“Son of Man” is a strange novel.  It’s about a present day man named Clay who goes through a time-flux, ending up millions of years in the future.  He meets all the species that descended from humans, the “sons of man”.   A group of six Skimmers take him on a whirl-wind tour of the planet, where he meets the other species:  the Eaters, Awaiters, Breathers, Interceders, and Destroyers.  He also travels through distinct areas: Slow, Heavy, Fire, Ice.  The Skimmers take him to distant planets and through wild rituals.  And every few pages, Clay has an orgasm.

I had to read several other people’s reviews to get a handle on the point of this book.  It’s sort of a post-modern science fiction deconstruction of Dante’s Divine Comedy.  Clay gets a guided tour of the future, with beings and concepts wildly extrapolated from the present.  Through it all, Clay experiences every aspect of the future completely through his whole being, which of course would include the sexual.

At times, the phallocentricity is overwhelming.  It reminded me of the episode of South Park where Mr. Garrison writes a romantic novel which turns out to be a huge gay literary hit because Garrison used the work penis 6,083 times.  While Silverberg doesn’t go to quite that extreme, I had to seriously think about the appropriateness of the sexual content in relation to the story.  The open, speculative part of me asserts that this book being from 1971, near the heart of the sexual revolution, of course an extrapolation to millions of years into the future would necessitate sexuality as being an integral part of the experience.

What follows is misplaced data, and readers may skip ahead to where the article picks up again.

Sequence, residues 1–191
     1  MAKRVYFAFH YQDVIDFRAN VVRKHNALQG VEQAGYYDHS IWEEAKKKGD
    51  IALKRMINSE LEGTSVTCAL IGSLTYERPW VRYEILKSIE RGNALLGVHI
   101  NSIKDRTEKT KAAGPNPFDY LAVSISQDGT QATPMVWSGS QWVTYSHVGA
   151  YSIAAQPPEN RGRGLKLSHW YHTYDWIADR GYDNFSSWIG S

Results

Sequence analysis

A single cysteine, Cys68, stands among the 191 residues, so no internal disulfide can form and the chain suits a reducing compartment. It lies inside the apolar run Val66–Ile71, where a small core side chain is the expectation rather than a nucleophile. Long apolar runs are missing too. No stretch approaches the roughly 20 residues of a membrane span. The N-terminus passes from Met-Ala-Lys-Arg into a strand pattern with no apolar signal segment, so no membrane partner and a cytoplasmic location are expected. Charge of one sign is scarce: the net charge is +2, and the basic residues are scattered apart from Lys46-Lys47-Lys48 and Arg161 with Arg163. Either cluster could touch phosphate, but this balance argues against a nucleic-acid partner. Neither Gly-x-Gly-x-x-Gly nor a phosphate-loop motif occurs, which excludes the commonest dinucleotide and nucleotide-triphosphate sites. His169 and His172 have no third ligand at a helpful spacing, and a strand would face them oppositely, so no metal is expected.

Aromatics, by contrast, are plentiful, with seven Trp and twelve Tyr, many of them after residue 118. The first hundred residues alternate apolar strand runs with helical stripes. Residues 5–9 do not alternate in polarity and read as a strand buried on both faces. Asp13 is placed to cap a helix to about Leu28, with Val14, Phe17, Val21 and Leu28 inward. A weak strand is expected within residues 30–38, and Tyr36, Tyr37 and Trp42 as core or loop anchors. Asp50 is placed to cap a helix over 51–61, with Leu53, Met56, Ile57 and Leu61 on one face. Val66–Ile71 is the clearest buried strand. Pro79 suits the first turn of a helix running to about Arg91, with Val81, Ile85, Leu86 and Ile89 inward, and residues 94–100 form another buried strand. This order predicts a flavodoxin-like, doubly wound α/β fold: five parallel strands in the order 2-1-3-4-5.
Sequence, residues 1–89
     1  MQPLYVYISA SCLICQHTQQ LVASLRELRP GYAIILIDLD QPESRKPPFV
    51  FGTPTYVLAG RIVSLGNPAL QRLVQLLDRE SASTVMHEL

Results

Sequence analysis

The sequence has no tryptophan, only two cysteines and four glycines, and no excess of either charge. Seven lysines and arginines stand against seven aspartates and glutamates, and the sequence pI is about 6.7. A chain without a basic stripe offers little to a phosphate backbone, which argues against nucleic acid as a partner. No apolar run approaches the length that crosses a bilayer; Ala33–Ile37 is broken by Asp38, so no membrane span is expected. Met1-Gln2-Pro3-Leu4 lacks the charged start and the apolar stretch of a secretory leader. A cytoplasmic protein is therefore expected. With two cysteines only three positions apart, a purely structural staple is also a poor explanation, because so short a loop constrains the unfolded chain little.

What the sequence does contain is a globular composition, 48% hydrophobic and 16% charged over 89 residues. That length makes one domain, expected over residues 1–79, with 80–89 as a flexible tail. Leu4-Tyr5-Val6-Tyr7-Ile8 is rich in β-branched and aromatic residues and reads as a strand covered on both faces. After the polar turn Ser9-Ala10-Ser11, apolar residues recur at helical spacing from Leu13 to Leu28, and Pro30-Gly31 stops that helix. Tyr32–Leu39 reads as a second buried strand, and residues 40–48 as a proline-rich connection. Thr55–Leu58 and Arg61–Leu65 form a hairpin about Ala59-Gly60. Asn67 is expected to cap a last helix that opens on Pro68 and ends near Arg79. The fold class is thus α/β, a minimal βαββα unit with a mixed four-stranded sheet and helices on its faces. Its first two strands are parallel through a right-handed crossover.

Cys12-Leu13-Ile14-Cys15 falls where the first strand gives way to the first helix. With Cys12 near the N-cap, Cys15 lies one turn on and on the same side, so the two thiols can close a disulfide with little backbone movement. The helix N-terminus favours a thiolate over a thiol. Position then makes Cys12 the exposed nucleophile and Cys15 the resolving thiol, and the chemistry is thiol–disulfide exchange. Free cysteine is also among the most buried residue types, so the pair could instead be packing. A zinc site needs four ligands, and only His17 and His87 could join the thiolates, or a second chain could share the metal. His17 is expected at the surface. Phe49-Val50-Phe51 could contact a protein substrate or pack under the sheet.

However, in another segment, Clay changes into a woman, experiencing the fluidity of sexual identity that the Skimmers experience.  But he doesn’t take it well.  In fact, he runs into the forest ashamed.  I have to question Silverberg’s intentions here.  If he’s writing such a sexually liberated novel, why have the male character horrified to become a woman?  Wouldn’t it have been a better story to have him be as curious and exploratory as he is throughout the rest of the novel? 

So that, plus my own political-correctness, makes me wonder if the emphasis on Clay’s penis is a statement, an expression, or plain shock fiction.  I have to admit, the sexual references eventually does become normative.  I did find myself accepting it as part of the way Clay experiences everything revealed to him. 

Even though I only give this book three stars out of five, I have to say it is quite an experience.  It is incredibly written prose.  I found myself flowing through it with ease.  Silverberg gives you is a sensory journey through his uncensored imagination, and it is prolific, at times, unbelievably overwhelming.  The problem for me was that it got a little boring.  I needed a little more action, just to give a little more structure and movement to the story.  By the end, I felt a little empty, like I just had a one night stand, like there was no depth to my relationship to the novel.  It was simply a literary experiment in speculation.

At my SF book club, one of the members expressed his (rather parochial, to me) definition of SF.  “If you take the science out of the book, do you still have a book?  If you do, it’s not science fiction”.  I think it’s a stupid restriction since most SF can be said to be morality plays, disguised literature, or derivative of earlier genres. Well, this may be one of the few books where if you take the science out, you don’t have a book, so it’s definitely science fiction.  I have this cruel desire to torment this guy, by suggesting “Son of Man” to him, since it meets his definition, and ask him the real ultimate significant question, “If you take the penis out of the book, do you still have a book?”

Tuesday, September 9, 2014

Turning On

13 Stories by Damon Knight
Completed 8/23/2014, Reviewed 9/1/2014
4 stars

“Turning On” is a collection of short fiction by Damon Knight, the author after whom the Science Fiction and Fantasy Writers of America named their Grand Master award.  I’ve read in several places that his forte was short fiction, so I decided to read this book.  And in general, it lived up to my expectations.